Here’s a useful video explaining complex things with handy slides
No doubt you’ve noticed todays media is full of East West Link palaver we had more than an inkling about since 2013. The project would of cost $22.8 billion if it had proceeded.
This audit examined whether the state had effectively managed the East West Link (EWL) project by assessing the total costs of the project, appropriateness of advice supporting key project decisions and the lessons for future major projects. The audit included 10 government agencies.
Over the life of this costly and complex project, advice to government did not always meet the expected standard of being frank and fearless. This highlights a risk to the integrity of public administration that needs to be addressed. The report makes recommendations to the Department of Treasury & Finance to provide guidance for development and delivery of major projects and for the Department of Premier & Cabinet to emphasise requirements for frank and fearless advice from the public sector.
Acting Auditor-General Dr Peter Frost tabled the East West Link Project report today. This audit examined whether the state had effectively managed the East West Link (EWL) project by assessing the total costs of the project, appropriateness of advice supporting key project decisions and the lessons for future major projects.
Peter Frost said, ‘The EWL project was terminated in June 2015 with more than $1.1 billion paid, or expected to be paid, by the state for little tangible benefit. This cost includes expenditure on the planning, development, procurement and termination of the project and will be partially offset by future proceeds from the sale of properties acquired for the project.
The Department of Treasury & Finance estimates that these properties can be resold for around $320 million’.
‘The decisions to proceed with the project and enter contracts with the preferred consortium, East West Connect (EWC), were driven by an overriding sense of urgency to sign the contract before the November 2014 state election rather than being in the best interests of the project or use of taxpayers’ money.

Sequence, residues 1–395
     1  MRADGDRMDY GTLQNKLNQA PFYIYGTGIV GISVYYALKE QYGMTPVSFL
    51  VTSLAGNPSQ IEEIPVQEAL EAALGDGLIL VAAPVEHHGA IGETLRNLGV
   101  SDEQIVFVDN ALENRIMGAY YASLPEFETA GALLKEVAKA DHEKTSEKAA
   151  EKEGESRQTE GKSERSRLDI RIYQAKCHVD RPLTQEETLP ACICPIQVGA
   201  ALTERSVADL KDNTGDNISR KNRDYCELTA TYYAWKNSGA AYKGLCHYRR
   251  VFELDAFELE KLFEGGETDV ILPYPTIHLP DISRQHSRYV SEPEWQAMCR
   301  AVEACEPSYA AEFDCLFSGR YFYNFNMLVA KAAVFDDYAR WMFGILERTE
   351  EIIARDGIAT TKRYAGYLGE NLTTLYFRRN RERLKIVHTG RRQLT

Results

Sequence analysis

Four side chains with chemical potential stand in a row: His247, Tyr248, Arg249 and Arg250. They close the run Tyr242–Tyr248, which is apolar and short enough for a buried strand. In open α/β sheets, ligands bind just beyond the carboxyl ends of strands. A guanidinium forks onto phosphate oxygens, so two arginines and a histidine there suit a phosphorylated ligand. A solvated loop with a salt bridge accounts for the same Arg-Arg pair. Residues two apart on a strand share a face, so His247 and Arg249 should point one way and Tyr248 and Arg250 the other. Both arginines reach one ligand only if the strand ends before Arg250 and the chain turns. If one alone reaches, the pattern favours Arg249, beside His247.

The likely net benefits of the project were not sufficiently demonstrated and the failure to properly resolve project risks before entering into contracts exposed the state to additional financial risk.’
‘A legal challenge to the project planning decision in the lead up to the signing of the contract created risks for the state, but advice to government fell short because it did not sufficiently assess the benefits of delaying the contract to mitigate these risks.
Achieving the government’s desired time line for contract signing was given disproportionate emphasis despite the risks and implications for the state.
The risks were increased when the state agreed to amend the contract to provide additional compensation to EWC if the legal challenge to the project planning approval succeeded. Signing the contract in these circumstances was imprudent and exposed the state to significant cost and risk. The available evidence suggests that the state knew at the time that there was a significant risk that the legal challenge would succeed.’
The audit found that the amount payable by the state under the termination settlement was substantially lower than the cost of terminating under the project contract. However the decision to terminate was made without full consideration of the merits to completing the project.
Further, the validity of project costs reimbursed by the state to EWC could not be fully verified because the state accepted EWC’s refusal to allow access to the financial records of its related party contractors.
This created a risk that EWC’s related parties had a windfall gain. Peter Frost said ‘Weaknesses in the Audit Act 1994 mean that I could not obtain the information required to confirm this.’
Peter Frost said, ‘A fundamental obligation on the public service is to provide frank and fearless advice to the government of the day. While the advice to government examined in this audit was generally comprehensive, in some critical instances it fell short of the required standard of frankness This highlights a risk to the integrity of public administration that needs to be addressed’.
The report makes recommendations to the Department of Treasury and Finance to provide guidance for development and delivery of major projects and for the Department of Premier and Cabinet to emphasise requirements for frank and fearless advice from the public sector.